The business executive must empower the EA function with a defined and widely communicated mandate. Failure to do so often results in ‘turf wars’ between the EA practice and related areas of the organisation, such as the Programme Management Office or Service Management.

To build on early momentum, EA education and communication should filter down from above as one of the organisation’s highest priorities. This helps to foster business stakeholder engagement and ensure that EA content is used in the right ways “on the ground”.

Executives are also able to remove many of the obstacles that could otherwise bring on the demise of EA in the organisation. Executive sponsors may be called on to influence budgets and vendor selection, or make the necessary structural changes to the teams, or ensure that architecture governance remains firmly on the agenda.

So, in summary, it is critical to have the right people, under the right leadership (the Chief Architect and her guiding coalition), working in the right structure within the organisation. Without all three of these things in place, the EA practice is at great risk of failure.

Ivory Tower syndrome

A common reason for the collapse of EA initiatives, is architects who become overly-enamoured with the conceptual aspects of their work. They return from their retreats away from the business, with elaborate frameworks, and little practical guidance on how to implement them.

These concepts will be presented to key influencers within the organisation, most of whom will not understand the content, so their complex reference architectures will be ignored. In this way, the EA team is perceived as living in an Ivory Tower – disconnected from the business and alienating stakeholders – often leading to the withdrawal of support and sponsorship from key people.

These complex frameworks are built in isolation from the business stakeholders on the ground.

Investing too much time in detailed documentation of the “as-is states”, and creating vast arrays of diagrams, gives the impression that progress is being made, when in reality, this flurry of visible ‘activity’ is being mistaken for progress.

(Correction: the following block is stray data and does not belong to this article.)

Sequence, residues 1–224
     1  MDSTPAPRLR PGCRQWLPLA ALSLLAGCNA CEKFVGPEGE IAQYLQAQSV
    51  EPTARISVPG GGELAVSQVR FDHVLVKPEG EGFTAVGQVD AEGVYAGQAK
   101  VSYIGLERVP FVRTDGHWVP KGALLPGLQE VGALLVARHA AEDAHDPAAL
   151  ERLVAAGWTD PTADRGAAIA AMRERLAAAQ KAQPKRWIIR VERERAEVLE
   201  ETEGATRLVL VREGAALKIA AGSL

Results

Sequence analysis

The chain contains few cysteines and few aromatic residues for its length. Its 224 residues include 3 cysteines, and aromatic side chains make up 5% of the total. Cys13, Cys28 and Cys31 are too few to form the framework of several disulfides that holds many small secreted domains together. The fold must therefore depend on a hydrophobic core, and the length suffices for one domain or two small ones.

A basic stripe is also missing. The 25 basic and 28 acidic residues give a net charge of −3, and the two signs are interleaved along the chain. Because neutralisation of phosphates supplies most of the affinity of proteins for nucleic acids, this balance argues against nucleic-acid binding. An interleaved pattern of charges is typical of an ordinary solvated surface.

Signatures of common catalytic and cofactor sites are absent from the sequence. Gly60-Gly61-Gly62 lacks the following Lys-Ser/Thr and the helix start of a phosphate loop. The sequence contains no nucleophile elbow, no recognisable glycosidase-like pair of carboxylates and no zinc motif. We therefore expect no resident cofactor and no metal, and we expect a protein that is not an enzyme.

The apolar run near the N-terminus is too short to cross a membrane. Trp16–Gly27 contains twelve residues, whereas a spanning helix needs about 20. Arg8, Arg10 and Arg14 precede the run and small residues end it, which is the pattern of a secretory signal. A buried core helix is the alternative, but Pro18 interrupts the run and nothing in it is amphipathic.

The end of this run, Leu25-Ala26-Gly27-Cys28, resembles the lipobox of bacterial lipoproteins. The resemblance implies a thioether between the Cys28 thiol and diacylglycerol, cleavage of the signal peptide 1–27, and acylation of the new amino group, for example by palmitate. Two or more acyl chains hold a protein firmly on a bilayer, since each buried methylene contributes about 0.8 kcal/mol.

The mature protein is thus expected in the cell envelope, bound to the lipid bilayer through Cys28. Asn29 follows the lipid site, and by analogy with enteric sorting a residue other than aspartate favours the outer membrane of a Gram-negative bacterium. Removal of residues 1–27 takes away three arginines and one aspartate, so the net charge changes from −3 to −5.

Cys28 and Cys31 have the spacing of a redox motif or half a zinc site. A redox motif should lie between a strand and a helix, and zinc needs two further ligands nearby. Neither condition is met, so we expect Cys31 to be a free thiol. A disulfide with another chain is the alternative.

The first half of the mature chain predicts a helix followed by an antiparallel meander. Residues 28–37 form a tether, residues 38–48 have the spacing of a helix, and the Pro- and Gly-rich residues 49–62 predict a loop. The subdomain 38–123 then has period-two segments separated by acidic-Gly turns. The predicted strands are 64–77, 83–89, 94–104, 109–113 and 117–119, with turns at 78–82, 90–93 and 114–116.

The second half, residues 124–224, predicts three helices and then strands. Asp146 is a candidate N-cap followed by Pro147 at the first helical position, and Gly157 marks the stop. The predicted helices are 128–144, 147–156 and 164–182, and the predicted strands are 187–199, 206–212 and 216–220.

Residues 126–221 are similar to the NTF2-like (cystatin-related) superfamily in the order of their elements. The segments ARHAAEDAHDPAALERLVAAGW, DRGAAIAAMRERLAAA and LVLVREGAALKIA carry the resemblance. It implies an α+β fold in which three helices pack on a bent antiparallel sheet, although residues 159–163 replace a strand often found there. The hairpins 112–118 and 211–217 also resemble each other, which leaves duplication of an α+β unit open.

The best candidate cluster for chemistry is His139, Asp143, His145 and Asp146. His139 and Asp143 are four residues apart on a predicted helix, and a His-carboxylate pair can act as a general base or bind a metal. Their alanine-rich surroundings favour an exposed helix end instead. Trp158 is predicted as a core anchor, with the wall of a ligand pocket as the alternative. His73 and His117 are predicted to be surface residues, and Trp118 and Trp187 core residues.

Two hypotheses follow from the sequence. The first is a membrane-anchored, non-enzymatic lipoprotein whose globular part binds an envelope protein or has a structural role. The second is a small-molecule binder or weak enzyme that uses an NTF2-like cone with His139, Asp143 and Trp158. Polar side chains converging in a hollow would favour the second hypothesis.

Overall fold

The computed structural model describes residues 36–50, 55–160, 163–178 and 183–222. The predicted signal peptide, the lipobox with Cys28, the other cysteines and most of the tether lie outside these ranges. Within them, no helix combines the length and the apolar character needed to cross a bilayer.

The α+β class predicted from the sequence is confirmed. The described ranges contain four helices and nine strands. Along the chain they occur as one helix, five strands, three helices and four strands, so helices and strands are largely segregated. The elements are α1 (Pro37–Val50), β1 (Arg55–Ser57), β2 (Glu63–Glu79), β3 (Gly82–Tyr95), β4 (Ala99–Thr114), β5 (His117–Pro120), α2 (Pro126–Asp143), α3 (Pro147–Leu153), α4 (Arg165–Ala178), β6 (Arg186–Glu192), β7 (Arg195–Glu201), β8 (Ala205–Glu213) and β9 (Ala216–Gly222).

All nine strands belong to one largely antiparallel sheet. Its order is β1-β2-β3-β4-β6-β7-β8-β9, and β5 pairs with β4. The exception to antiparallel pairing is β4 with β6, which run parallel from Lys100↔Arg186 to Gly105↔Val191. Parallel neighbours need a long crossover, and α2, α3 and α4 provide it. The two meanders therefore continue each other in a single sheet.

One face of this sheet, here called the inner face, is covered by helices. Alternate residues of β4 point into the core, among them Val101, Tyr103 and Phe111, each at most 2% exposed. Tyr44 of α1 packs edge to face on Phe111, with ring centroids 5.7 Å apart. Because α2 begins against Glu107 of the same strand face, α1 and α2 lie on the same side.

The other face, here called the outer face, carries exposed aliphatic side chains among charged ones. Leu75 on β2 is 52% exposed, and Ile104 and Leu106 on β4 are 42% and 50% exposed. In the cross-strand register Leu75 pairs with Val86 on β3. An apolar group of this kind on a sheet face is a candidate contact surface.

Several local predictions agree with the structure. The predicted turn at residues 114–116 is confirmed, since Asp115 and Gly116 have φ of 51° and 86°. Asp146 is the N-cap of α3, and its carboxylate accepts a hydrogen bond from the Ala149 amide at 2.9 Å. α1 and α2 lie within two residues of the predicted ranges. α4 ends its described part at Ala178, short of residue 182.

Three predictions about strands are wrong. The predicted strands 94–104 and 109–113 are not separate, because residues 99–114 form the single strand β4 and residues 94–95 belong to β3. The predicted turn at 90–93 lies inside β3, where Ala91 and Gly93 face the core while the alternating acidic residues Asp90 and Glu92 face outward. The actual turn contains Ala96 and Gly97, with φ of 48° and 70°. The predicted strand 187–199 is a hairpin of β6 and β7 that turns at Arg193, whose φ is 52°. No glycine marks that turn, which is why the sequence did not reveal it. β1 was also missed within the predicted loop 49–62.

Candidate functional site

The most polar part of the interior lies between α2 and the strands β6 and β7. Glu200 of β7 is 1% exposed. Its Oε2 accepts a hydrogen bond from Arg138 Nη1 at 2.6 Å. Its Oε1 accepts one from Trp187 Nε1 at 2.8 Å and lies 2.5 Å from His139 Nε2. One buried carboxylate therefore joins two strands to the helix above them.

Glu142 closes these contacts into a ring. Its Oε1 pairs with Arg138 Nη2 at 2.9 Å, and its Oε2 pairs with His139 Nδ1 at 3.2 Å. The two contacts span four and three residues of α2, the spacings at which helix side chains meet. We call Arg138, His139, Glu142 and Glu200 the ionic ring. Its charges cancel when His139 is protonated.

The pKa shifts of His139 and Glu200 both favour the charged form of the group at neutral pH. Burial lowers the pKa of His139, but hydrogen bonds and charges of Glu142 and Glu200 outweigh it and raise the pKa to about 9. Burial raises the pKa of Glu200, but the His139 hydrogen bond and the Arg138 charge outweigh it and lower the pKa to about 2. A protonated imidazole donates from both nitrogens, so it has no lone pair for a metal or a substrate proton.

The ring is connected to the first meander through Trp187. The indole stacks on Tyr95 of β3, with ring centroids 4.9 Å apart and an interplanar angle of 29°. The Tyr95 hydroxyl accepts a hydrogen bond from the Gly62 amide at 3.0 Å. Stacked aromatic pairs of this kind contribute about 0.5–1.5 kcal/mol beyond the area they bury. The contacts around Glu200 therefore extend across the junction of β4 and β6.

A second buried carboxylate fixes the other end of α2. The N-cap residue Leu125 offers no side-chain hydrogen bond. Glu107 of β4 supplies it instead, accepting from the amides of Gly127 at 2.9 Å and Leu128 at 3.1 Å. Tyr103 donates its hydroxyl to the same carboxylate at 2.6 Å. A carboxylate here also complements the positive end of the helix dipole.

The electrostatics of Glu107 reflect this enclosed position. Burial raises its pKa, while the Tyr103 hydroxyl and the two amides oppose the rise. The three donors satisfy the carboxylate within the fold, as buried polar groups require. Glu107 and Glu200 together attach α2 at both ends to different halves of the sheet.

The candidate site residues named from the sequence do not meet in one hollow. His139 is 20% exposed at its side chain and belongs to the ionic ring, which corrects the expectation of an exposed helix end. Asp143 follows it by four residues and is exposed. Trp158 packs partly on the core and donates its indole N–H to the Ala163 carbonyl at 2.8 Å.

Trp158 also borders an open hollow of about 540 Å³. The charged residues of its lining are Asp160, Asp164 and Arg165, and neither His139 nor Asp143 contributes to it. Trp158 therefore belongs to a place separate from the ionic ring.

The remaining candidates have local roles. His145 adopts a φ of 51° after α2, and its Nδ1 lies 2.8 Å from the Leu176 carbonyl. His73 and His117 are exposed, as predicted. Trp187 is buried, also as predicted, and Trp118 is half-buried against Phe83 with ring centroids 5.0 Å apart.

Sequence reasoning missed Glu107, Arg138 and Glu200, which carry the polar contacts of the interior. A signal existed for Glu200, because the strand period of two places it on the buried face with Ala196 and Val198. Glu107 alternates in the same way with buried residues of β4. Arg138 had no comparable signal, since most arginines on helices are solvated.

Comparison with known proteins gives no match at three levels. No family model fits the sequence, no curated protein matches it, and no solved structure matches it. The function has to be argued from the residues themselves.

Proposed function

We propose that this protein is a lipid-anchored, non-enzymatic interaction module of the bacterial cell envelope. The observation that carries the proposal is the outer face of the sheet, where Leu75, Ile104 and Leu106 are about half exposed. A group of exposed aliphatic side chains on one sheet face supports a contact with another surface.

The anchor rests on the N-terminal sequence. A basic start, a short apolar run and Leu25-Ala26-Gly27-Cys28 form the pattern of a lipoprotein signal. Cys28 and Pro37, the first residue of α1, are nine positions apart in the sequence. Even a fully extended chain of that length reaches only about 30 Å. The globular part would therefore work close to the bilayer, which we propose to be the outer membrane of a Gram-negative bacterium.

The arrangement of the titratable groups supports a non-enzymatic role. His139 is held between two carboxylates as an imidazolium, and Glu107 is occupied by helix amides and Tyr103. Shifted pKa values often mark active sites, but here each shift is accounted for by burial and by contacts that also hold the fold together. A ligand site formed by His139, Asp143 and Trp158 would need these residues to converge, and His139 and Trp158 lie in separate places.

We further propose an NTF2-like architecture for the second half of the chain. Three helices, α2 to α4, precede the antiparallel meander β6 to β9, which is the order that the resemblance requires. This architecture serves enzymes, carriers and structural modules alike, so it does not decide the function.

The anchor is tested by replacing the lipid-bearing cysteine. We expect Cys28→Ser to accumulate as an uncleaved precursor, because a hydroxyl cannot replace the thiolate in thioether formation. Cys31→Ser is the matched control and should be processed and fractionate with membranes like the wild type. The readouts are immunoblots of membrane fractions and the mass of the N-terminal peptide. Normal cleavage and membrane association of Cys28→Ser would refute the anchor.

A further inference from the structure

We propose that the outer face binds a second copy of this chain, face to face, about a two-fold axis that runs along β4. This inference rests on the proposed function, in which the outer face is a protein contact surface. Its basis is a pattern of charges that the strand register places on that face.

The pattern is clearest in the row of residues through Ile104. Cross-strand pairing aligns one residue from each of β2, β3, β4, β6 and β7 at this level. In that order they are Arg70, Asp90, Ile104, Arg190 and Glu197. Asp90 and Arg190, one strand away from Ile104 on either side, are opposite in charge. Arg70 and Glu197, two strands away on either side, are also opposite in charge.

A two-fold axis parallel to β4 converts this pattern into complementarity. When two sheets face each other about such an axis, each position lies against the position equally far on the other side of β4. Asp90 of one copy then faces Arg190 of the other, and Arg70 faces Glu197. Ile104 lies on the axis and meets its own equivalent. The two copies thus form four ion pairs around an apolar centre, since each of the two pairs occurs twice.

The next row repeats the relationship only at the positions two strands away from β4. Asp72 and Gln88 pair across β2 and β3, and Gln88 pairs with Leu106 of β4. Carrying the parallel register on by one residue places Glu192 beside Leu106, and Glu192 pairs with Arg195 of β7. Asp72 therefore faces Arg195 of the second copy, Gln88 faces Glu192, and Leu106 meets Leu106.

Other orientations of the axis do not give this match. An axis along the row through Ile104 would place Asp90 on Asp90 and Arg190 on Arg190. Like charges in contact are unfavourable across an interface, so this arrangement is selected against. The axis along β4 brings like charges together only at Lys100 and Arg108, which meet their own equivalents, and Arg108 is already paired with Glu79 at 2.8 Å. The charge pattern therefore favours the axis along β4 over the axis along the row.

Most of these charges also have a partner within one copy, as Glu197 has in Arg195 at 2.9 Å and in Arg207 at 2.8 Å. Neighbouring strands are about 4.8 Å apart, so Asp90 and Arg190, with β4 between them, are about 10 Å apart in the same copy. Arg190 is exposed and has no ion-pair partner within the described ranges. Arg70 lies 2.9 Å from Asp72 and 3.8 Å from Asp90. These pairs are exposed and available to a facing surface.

This academic approach to EA leads to inertia in decision-making, a state of ‘deferred commitment’ where the fear of failure leads to an inability to act. The EA practice lives by the principle of “publish or perish” (describing how critical it is to deliver tangible outputs).

This leads to distorted perspectives, where the architect’s views of the business architecture and other architecture domains are not necessarily shared by their key stakeholders.

Architects who dogmatically force their models on stakeholders – without fully appreciating the changing business’ requirements or tailoring their services to meet the business’ demands – are bound to fail.

By focusing on tangible outputs, and running the EA practice like a business, architects can effectively maintain a stakeholder-centric approach to delivering business value.

Architects need to ‘get their hands dirty’ – such as getting involved in the actual modelling, investing time in mentoring people in architecture skills, closely following the business’ needs, and evolving the EA artefacts.

This should be combined with strong marketing and communications efforts – where architects constantly communicate and evangelise the value of the EA practice to business stakeholders.

If not, the team risks the ‘Ivory Tower syndrome’ setting in, and will lose the backing of the C-suite. Even if budgets are still provided for, the bigger work surrounding EA – like maturing the EA capability, business transformation and change management – will not be possible without active executive support.

@theopengroup

By Stuart Macgregor, CEO, Real IRM

Stuart Macgregor is the CEO, Real IRM Solutions and  The Open Group South Africa. Through his personal achievements, he has gained the reputation of an Enterprise Architecture and IT Governance specialist, both in South Africa and internationally.

Macgregor participated in the development of the Microsoft Enterprise Computing Roadmap in Seattle. He was then invited by John Zachman to Scottsdale, Arizona to present a paper on using the Zachman framework to implement ERP systems. In addition, Macgregor was selected as a member of both the SAP AG Global Customer Council for Knowledge Management, and of the panel that developed COBIT 3rd Edition Management Guidelines. He has also assisted a global Life Sciences manufacturer to define their IT Governance framework, a major financial institution to define their global, regional and local IT organizational designs and strategy. He was also selected as a core member of the team that developed the South African Breweries (SABMiller) plc global IT strategy.

Stuart, as the lead researcher, assisted the IT Governance Institute map CobiT 4.0 to TOGAF®. This mapping document was published by ISACA and The Open Group. He participated in the COBIT 5 development workshop held in London in 2010.